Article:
Review: Zoom Technologies iHiFI

No more wires, no more leash on your iPod (October 16th, 2006)

MacNN Rating:


Product Manufacturer: Zoom Technologies, Inc.

Price: $99.00 US approx. (Less online)

The Good

  • The signal can travel to 70 feet with few obstacles. Impressive sound with impressive speakers. The system takes up very little space. "Velcro disks keep the transmitter from rotating around the 3.5mm headset jack," on iPod 3G and 4G.

The Bad

  • Flashing lights may be confusing. The instructions are not written very well.

Useful and innovative iPod accessories will surely dominate this upcoming gift-giving season. If wires are getting on your nerves, take a look at the interesting iHIFI Receiver and Transmitter from Zoom Technologies. The transmitter plugs in to your iPod, MP3 player, or other audio device and sends your music to the receiver across the room wirelessly using Bluetooth technology. The receiver then sends the sound through powered stereo speakers, your home stereo, or other sound system. I tested the Combo Model 4373 for an iPod nano.

the Transmitter

There are different transmitters for the various iPod models. Model 4350 works with the iPod mini. Model 4354 fits the iPod 3G, 4G, and HP iPod. Model 4353 works with any iPod or any sound device with a stereo headphone jack. The transmitter is a small, lightweight, thin box that plugs into the headphone jack on your iPod. The 4350 and 4354 draw power from the iPod, while the 4353 has it is own rechargeable battery. Transmitters Model 4350 and 4354 fit like natural extensions on your iPod. It is much easier to buy the complete package with the receiver, so you do not have to mix and match equipment from different manufacturers.

the Receiver

The receiver is the shape and about the size of a hockey puck. A three-inch antenna sticks above the top of the receiver and an AC power block plugs into the back. There are also two RCA phono jacks and a stereo headphone jack in the back of the receiver. Depending on the connections you need, you should be able to plug the receiver right into the back of your sound system, because. A stereo headphone jack cable with two RCA phono plugs ships in the box.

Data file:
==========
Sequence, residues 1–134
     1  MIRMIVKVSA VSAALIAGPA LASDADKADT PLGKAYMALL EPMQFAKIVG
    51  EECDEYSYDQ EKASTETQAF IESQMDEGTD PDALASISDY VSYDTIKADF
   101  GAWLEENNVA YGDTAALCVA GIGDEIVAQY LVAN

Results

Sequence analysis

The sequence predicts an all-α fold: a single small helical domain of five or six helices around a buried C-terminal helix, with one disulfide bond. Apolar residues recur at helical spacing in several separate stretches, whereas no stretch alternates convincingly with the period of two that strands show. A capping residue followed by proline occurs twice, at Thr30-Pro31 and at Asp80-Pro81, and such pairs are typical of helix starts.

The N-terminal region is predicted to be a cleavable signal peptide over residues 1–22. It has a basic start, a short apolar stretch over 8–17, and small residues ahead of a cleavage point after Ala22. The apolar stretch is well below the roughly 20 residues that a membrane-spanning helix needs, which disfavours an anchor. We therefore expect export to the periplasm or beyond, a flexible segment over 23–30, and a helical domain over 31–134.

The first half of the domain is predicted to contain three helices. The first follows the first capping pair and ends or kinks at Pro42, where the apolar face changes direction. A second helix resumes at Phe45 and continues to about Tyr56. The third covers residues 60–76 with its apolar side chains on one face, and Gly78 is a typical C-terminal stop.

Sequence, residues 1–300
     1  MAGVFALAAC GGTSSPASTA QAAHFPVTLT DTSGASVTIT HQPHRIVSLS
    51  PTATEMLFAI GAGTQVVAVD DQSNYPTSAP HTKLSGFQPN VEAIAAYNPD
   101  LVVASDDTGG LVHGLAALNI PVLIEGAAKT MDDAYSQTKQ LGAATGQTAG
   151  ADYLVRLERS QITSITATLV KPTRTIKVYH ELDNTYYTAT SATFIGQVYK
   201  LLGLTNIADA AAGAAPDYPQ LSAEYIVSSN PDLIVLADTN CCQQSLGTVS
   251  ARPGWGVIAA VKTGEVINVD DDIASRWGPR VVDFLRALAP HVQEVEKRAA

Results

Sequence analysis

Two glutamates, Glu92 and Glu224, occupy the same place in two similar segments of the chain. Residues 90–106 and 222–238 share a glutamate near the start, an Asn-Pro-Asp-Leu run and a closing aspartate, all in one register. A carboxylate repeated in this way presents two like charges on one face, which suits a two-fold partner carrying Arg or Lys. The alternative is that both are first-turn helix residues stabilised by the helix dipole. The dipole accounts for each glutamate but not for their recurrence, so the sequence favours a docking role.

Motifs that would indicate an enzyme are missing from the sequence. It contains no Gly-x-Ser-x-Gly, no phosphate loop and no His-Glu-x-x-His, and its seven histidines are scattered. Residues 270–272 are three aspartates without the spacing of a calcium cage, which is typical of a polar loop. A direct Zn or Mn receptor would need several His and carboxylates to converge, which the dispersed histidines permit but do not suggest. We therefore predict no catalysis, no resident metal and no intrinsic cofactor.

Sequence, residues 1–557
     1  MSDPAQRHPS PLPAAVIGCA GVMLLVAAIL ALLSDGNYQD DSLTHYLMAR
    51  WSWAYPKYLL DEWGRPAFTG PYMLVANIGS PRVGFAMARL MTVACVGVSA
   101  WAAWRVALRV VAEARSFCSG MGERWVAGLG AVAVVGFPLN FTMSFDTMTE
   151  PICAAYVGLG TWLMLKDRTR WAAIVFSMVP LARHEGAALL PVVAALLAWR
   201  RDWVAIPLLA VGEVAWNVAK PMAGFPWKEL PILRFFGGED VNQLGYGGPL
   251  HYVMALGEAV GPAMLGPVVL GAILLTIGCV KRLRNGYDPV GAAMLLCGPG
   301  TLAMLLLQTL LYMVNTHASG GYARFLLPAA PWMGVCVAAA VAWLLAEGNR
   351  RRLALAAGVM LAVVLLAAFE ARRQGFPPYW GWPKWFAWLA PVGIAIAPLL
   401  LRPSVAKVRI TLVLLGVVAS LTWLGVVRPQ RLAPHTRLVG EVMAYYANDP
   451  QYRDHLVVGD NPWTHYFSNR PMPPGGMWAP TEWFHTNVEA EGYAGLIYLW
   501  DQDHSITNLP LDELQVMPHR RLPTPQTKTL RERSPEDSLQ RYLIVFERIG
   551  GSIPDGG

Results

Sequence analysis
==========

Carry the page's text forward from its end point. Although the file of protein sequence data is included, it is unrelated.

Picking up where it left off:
The Fun

The transmitter and receiver talk back and forth and a series of flashing red and blue LEDs let you see the communication. If you can attach a VCR or DVD to your TV set, you should have no problems setting up the receiver. The instructions were a bit terse, so I had to contact a very helpful customer service person twice before I got sound through the receiver. My problem was understanding the instructions, not the equipment.

The iHIFI lets you walk around your home without the burden of dragging around wires. The iPod sends music, podcasts, or audio books to your sound system. You can select what you want to hear and control the volume coming from the stereo system. Just to make transport easier, you can pair the setup with a belt-clip enabled case that leaves the audio port accessible to plug in the transmitter.

Once engaged, the wireless set up was very convenient, but I found the sound only as impressive as the speakers used. Obviously, the better your speakers, the better your sound. The iHiFi has a 70-foot capable range, depending on wall thickness or other physical obstacles.

Troubleshooting Hint

If you need to troubleshoot your connection, plug a head set into the stereo headset jack in the receiver. If you hear the music from the iPod, the problem may be with the connection from the receiver to the sound system.

Edited by Ilene Hoffman, Reviews Editor

by Rick Curran


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